“Only as you do know yourself can your brain serve you as a sharp and efficient tool. Know your own failings, passions, and prejudices so you can separate them from what you see.”
Bernard M. Baruch (1870 – 1965)
“I bid him look into the lives of men as though into a mirror, and from others to take an example for himself.”
Terence (185 BC – 159 BC)
Apple Pro has a story on Jeremy Coon, Editor & Producer of Napoleon Dynamite. Sharing details about the budget and production process, it also has information on the post-production process using Quicktime DVD-R’s of Dailies to stitch the film together very quickly.
Coon even shares the Sundance Negotiations on Distribution and reveals that he gave away too many “points” in the end. A surprising number of details in the three articles.
I had the chance to talk with Jeremy and director Jared Hess at Sundance 2004. They were funny guys. It will be interesting to see what their next film is. I hope they avoid the “sophomore slump”.
“You cannot acquire experience by making experiments. You cannot create experience. You must undergo it.”
Albert Camus (1913 – 1960)
“Everything that irritates us about others can lead us to an understanding of ourselves.”
Carl Jung (1875 – 1961)
It all starts with the script! Here are some of my favorite screenplay sites. I tend to like the PDF formats best because they’re easier to read on screen. While I hate reading on screen, most scripts are around 120 pages and I don’t really want to print them all out.
“Without freedom from the past, there is no freedom at all, because the mind is never new, fresh, innocent.”
Krishnamurti (1895 – 1986)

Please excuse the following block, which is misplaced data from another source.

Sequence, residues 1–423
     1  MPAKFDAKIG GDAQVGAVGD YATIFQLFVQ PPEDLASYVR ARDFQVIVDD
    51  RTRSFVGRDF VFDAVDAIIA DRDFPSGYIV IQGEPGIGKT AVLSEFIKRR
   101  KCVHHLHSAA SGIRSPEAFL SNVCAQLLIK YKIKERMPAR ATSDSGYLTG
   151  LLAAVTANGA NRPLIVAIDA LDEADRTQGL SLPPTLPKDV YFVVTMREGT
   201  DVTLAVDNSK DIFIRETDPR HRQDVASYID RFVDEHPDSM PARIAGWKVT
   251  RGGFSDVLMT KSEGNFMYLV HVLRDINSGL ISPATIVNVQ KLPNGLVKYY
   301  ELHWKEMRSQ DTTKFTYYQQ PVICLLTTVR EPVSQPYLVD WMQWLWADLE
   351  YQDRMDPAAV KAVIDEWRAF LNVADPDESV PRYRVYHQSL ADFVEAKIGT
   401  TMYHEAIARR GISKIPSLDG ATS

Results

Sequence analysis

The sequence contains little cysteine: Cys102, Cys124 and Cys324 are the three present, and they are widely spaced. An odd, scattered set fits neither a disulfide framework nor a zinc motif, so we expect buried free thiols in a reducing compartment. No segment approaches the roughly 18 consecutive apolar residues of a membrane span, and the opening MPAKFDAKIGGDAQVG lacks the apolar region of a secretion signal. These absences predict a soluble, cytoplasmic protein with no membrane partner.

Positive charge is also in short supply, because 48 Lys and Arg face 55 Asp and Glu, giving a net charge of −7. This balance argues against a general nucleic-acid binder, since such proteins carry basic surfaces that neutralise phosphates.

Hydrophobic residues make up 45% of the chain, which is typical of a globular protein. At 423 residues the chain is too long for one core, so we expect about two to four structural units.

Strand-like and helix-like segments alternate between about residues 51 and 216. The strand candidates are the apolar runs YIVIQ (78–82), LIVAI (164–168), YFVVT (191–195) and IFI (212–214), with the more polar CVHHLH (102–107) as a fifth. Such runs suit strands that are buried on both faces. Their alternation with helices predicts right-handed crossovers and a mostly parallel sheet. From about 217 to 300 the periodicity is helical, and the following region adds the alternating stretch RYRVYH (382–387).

“We do not remember days, we remember moments.”
Cesare Pavese (1908 – 1950)
Working on these documentaries makes the search for archival footage quite the treasure hunt. Worth1000 Bug’s in Life photo compositing contest amused me today. It was not footage related but I enjoy their compositing contests. The amount of work they spend on one image makes me contemplate the HOURs and HOURs filmmakers spend compositing things into movies (like Pirates of the Caribbean). How many thousands of hours must that have taken? It’s so much easier if you’ve got live action footage. Speaking of which …
The Prelinger Archives is one of the world’s greatest archival sources (British Pathe and WGA are also great). Some of their collections were recently referenced on BoingBoing are Panorama Ephemera, Industrial Films and Educational Films. Happy Hunting!
“Art, whose honesty must work through artifice, cannot avoid cheating truth.”
Laura Riding (1901 – 1991)
“Dreams have a poetic integrity and truth. This limbo and dust-hole of thought is presided over by a certain reason, too. Their extravagance from nature is yet within a higher nature.”
Ralph Waldo Emerson (1803 – 1882)
Robert Pappas has directed a documentary about the lies, distortion and political spin the pervades contemporary media. Orwell Rolls In His Grave reveals the “Big Brother” nature of the media. It notes that 12 years ago there were 50 corporations running the media. Now, there are only SIX. Like Uncovered, Outfoxed, and the 800-pound-gorilla (or perhaps it should be guerrilla) of documentary films Fahrenheit 9/11, “Orwell” takes a hard look at how little critical thinking goes on about information represented in the media.